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Saturday October 22, 2005
StarBiz interviewed PPB Oil Palms Bhd and Tradewinds (M) Bhd on their views on the oil palm sector - which is being buoyed by high palm oil prices - increasing use of palm oil in other areas, and on the potential of biofuel on plantation companies.
Mohd Redza Shah Abdul Wahid
Tradewinds acting CEO
STARBIZ: What would be the factors driving the plantation sector forward?
Redza: Over and above the obvious improvements in cost efficiencies, research and development improvements, trans-fatty acid labelling in the US in 2006 and the impact of China adopting WTO in 2006, a more important development is that a positive environment has emerged of late regarding palm oil.
There is now greater acceptance of palm oil due to its superior properties over other oils, greater recognition of its efficiency, its health and nutritional value – leading to greater propensity to using it for food and industrial uses. This perceptual transformation is one of many reasons causing industrialised nations to specify a gradual shift from other soft oils to palm oil.
Which is why more players, local and international, are investing in oil palm cultivation. A race is on to acquire landbanks in Indonesia. Not just by Indonesian companies or Malaysian-Indonesian joint-venture companies but also by Europeans, reflecting the confidence of the consuming countries in the future of palm oil.
All these developments point to a rosy picture for the industry, which would ultimately drive the sector forward.
StarBiz: Many regard the biodiesel push to be a long-term one. When do you expect to put up your project, if any, and potential for payback? When would the payback period be?
Redza: We too see it as long-term one because there is as yet no specificity what the global or even domestic requirement is for biodiesel. Which makes it difficult to pinpoint marketing, consumption and demand aspects or even estimate payback time with certainty. As such, it is unlikely that Tradewinds will consider venturing into this area in the immediate future although we would unreservedly support the push for biodiesel production.
StarBiz: Do you think the rally on the plantation sector is sustainable?
Redza: A sustainable rally requires that the bull run is supported by fundamentals. The current interest in plantations stocks is driven mainly by investors' excitement over biofuel prospects. While this is a positive development for the industry, it remains to be seen if the translation of the concept into actual business opportunities can be achieved within a reasonable period.
Furthermore, much of the details on biofuel have not been made known. Palm oil constitutes only 5% of biofuel. Another 95% comes from diesel oil, which means the price of diesel oil is a major factor in the equation. Participating plantation companies may have to support this by putting money into diesel oil, the price of which is not within their control.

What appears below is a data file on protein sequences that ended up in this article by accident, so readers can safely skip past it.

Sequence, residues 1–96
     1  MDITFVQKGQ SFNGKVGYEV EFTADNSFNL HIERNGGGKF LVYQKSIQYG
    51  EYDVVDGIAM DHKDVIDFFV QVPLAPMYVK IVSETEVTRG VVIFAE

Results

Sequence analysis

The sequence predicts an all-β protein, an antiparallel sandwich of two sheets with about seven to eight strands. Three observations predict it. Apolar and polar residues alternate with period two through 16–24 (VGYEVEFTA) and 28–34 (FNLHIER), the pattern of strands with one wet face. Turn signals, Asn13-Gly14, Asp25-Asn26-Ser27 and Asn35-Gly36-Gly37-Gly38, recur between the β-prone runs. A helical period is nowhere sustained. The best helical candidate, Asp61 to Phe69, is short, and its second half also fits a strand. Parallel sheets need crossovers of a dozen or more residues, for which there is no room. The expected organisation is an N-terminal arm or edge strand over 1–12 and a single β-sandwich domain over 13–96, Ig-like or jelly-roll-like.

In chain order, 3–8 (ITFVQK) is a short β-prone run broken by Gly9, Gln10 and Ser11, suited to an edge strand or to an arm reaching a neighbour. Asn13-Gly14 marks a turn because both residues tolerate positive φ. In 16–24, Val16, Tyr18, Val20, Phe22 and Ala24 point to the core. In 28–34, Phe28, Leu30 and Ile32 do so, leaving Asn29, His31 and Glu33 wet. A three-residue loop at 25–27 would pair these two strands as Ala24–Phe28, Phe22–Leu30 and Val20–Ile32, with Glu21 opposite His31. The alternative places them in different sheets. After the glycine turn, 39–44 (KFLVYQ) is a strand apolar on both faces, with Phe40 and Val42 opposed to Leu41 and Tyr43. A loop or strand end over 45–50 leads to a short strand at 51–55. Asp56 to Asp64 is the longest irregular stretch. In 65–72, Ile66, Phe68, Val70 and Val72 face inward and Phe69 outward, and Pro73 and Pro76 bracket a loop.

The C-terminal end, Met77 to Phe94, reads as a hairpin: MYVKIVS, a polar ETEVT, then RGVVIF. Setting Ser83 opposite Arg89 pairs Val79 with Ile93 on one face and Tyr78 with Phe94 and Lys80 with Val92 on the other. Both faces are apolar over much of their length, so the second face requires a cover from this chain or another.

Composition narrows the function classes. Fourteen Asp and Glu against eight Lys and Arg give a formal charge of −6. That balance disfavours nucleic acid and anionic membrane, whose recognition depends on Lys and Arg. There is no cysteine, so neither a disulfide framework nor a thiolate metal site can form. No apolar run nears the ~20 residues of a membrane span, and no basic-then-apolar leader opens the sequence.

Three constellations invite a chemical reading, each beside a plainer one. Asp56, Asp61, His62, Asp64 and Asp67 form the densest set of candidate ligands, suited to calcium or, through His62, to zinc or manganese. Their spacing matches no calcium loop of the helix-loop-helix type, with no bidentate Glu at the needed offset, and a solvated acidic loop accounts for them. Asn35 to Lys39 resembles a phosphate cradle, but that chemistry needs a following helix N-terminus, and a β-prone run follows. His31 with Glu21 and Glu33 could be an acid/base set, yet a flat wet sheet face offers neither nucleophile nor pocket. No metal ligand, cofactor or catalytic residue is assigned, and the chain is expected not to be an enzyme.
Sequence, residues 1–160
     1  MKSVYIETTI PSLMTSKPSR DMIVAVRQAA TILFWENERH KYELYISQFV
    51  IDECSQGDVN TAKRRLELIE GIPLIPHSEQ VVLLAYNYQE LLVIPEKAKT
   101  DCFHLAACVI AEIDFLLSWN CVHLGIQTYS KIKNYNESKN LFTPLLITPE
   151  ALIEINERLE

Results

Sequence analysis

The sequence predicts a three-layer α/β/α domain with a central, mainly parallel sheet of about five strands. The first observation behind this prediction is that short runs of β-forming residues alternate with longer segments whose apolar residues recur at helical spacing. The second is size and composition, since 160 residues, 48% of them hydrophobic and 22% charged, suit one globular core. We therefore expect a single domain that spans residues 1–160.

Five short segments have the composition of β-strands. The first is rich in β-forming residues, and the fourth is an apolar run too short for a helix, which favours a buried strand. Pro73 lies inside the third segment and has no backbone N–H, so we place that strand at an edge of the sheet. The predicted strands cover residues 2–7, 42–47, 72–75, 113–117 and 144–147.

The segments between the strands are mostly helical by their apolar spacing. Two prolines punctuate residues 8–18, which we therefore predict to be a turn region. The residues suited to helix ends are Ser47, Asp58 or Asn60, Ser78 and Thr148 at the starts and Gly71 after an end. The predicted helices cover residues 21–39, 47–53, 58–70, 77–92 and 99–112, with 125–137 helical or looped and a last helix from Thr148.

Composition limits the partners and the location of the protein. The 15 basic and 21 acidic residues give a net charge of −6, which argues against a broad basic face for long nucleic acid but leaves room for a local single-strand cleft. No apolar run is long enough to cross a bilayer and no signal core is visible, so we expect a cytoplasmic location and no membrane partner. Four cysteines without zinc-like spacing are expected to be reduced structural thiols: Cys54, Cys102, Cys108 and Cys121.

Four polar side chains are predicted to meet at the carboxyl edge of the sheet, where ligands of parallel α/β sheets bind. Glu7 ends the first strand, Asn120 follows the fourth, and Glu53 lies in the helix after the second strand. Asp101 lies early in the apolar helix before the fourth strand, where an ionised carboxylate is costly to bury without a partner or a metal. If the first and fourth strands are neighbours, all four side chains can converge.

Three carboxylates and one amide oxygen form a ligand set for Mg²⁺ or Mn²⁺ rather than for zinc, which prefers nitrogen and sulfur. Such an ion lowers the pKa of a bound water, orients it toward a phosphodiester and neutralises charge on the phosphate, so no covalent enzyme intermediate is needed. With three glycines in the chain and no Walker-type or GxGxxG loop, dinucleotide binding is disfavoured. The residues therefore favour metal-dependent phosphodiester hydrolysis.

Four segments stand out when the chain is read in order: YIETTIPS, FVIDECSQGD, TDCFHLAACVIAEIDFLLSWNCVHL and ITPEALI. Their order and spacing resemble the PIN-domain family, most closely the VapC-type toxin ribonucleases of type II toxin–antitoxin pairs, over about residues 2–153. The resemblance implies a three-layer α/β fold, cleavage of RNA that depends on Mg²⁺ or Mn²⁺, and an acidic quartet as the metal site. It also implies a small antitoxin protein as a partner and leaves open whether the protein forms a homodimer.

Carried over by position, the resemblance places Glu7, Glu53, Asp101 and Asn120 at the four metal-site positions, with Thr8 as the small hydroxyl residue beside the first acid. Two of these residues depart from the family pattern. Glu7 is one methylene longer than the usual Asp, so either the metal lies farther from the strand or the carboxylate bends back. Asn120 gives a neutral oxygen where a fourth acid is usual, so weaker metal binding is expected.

For this reason, we expect the current strong sentiments to taper off, unless supported by other factors such as immediate investment in biofuel initiatives by both the Government and plantation companies.
Khoo Eng Min
PPB Oil Palms managing director
The biofuel mix at 5% of processed palm oil and 95% of diesel set under the National Biofuel Policy will take up about 4 million tonnes of annual Malaysian palm oil production.
StarBiz: Many people regard the biodiesel push to be a long-term one. When do you expect to put up your project, if any, and potential for payback? When would the payback period be?
Khoo: The biodiesel push will remain in play as long as the biodiesel price remains at or close to mineral diesel price (which is a function of the crude oil price). The relationship between the CPO price and crude oil price is still being worked out to determine the palm diesel breakeven price.
Currently, the high crude oil price augurs well for palm diesel but there are some experts who believe that crude oil could revert to below US$40 per barrel in the future. When that happens, biodiesel may not be competitive.
We know the European Union (EU) and lately, the US, are actively pursuing the biodiesel alternative and both are gearing up biodiesel production. The EU has an installed capacity of 1.83 million tonnes while new capacity in the US totalling 1.6 million tonnes will come on stream by October 2007.
A substantial volume of rapeseed oil in the EU and soybean oil in the US has been or will be diverted towards biodiesel production. The production of biodiesel in these two regions will create a vacuum for edible oils that needs to be filled, and palm oil, being the cheapest and healthy alternative, is poised to replace this demand and can even act as a cheaper feedstock for biodiesel production in these countries.
PPB is currently looking at alternatives to produce biodiesel for its own consumption at its estates and mills as one of the measures to counter the effect of rising fuel cost and to reduce overall cost of production.
However, commercial production of biodiesel will be left to other associates of the group to pursue, if economically feasible.
StarBiz: The plantation sector is staging a rally on the Bursa. Do you think this is sustainable?
Khoo: It is difficult to say whether the current plantation rally is sustainable or how long it will last, as it depends very much on the perception of the investors at large.
The plantation sector is attractive because of favourable CPO prices and its future growth potential, while other sectors offer less attractive investment and growth opportunities.
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